Donation of food helps reduce food waste and food insecurity concerns in communities. The intent of this is to provide food safety guidance for school programs that want to recover and provide food to needy students or donated food distributing organizations such as food banks, shelters, or soup kitchens. While helping to alleviate food waste and food insecurity concerns, donation of food has a potential risk of contamination and temperature abuse that can be minimized with appropriate control steps.
On November 18, 2011, the Consolidated and Further Continuing Appropriations Act 2012 amended the Richard B. Russell National School Lunch Act which provided statutory authority for schools and other USDA nutrition programs to have food recovery and donation policies. The statute clarifies that any unconsumed food may be donated to eligible local food banks or charitable organizations. The amendment defines eligible local food banks or charitable organizations to mean any food bank or charitable organization that is tax exempt under section 501(c)(3) of the Internal Revenue Code of 1986.
Individual school or district nutrition programs planning to salvage food for donation must consult with their local health department before beginning a recovery program. The operating requirements and expectations will vary depending on the foods donated and the facilities available. At a minimum, programs should consider and be prepared to explain the following when pursuing food donation.
Which donated food distributing organizations will receive the donations? Written agreements outlining delivery days, transportation plans, temperature monitoring, source tracking, and other logistics information help ensure wholesome food and traceable delivery.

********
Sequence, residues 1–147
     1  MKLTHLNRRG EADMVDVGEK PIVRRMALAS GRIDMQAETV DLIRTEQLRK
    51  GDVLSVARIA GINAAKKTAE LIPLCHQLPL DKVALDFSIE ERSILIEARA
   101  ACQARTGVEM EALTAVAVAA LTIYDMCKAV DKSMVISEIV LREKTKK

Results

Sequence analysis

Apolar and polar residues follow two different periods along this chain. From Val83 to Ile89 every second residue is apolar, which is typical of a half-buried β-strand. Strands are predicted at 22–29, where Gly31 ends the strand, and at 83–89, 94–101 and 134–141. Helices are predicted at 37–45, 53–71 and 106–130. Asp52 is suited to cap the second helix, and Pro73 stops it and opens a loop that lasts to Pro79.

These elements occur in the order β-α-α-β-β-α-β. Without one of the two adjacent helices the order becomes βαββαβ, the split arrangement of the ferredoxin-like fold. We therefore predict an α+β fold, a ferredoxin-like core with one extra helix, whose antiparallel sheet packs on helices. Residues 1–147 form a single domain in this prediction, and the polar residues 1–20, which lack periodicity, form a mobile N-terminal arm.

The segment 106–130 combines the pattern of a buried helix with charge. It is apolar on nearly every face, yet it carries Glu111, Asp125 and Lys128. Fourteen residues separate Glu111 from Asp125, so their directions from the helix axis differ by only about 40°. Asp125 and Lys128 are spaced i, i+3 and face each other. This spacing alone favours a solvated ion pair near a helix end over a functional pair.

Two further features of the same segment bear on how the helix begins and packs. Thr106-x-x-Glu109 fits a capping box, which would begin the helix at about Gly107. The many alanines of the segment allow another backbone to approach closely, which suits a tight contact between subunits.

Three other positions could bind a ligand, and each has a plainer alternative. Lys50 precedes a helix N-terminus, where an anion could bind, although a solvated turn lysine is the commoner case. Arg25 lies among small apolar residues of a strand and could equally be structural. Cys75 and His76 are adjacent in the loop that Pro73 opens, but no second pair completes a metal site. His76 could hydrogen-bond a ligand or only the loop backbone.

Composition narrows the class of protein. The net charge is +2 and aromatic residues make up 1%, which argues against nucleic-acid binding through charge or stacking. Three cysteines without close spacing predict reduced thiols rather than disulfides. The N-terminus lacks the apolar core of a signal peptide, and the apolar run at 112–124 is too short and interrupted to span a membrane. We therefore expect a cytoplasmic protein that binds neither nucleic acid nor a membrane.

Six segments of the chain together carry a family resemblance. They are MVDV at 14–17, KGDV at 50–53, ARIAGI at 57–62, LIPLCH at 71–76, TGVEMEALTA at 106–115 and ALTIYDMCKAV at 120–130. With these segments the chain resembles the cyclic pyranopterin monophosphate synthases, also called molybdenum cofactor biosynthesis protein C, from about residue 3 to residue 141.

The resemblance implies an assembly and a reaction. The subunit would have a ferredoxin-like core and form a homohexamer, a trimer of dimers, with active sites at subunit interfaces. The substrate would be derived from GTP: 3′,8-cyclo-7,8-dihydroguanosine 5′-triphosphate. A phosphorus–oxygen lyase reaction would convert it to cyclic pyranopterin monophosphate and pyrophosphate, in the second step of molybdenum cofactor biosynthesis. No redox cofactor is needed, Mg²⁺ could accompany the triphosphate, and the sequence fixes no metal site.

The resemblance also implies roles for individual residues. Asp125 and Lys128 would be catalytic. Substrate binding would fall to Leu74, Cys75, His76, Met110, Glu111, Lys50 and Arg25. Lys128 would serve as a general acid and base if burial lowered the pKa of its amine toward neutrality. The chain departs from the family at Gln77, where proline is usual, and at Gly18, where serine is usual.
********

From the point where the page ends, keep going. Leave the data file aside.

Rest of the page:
Will potentially hazardous foods be donated? Commercially-packaged, shelf-stable snack foods do not need special approval for donation; however, donation of potentially hazardous foods will require restrictions or additional procedures such as temperature monitoring to ensure the distributing organization may accept the food.
Will home-prepared food be donated? Only commercially-packaged, shelf-stable products should be accepted from the public for donation.
Will previously-served foods be donated? Distributing organizations are not allowed to receive previously served foods, even intact food items such as whole fruits or packaged dairy products, without additional safety precautions and written approval from the health department.
How will food planned for donation be collected and identified? Food for donation may not be reintroduced to the food supply for the school. Participants must have a plan for safe food separation, identification, and storage.
Will the school participate in an internal, organized food sharing program for students such as Backpack Brigade? Food safety standards such as temperature requirements and safety of sources extend to meals that go home with the students.
Who will be responsible for coordinating the donation program? Safe donation will require a coordinated, planned effort. Ensure representatives from the school and the distributing location work together to provide safe recovery, transportation, and service of the food.
Donation of School Meals to Outside Recovery Sites
Previously served food includes all food that has been in the hands of a consumer such as food selected by students from a salad bar or cafeteria line. Previously served food for recovery and donation should be limited to the following, unless otherwise limited by the local health department:
Considerations for Internal School Donations
Additional Notes for Safe Food Donation
Content Source: Food Safety Program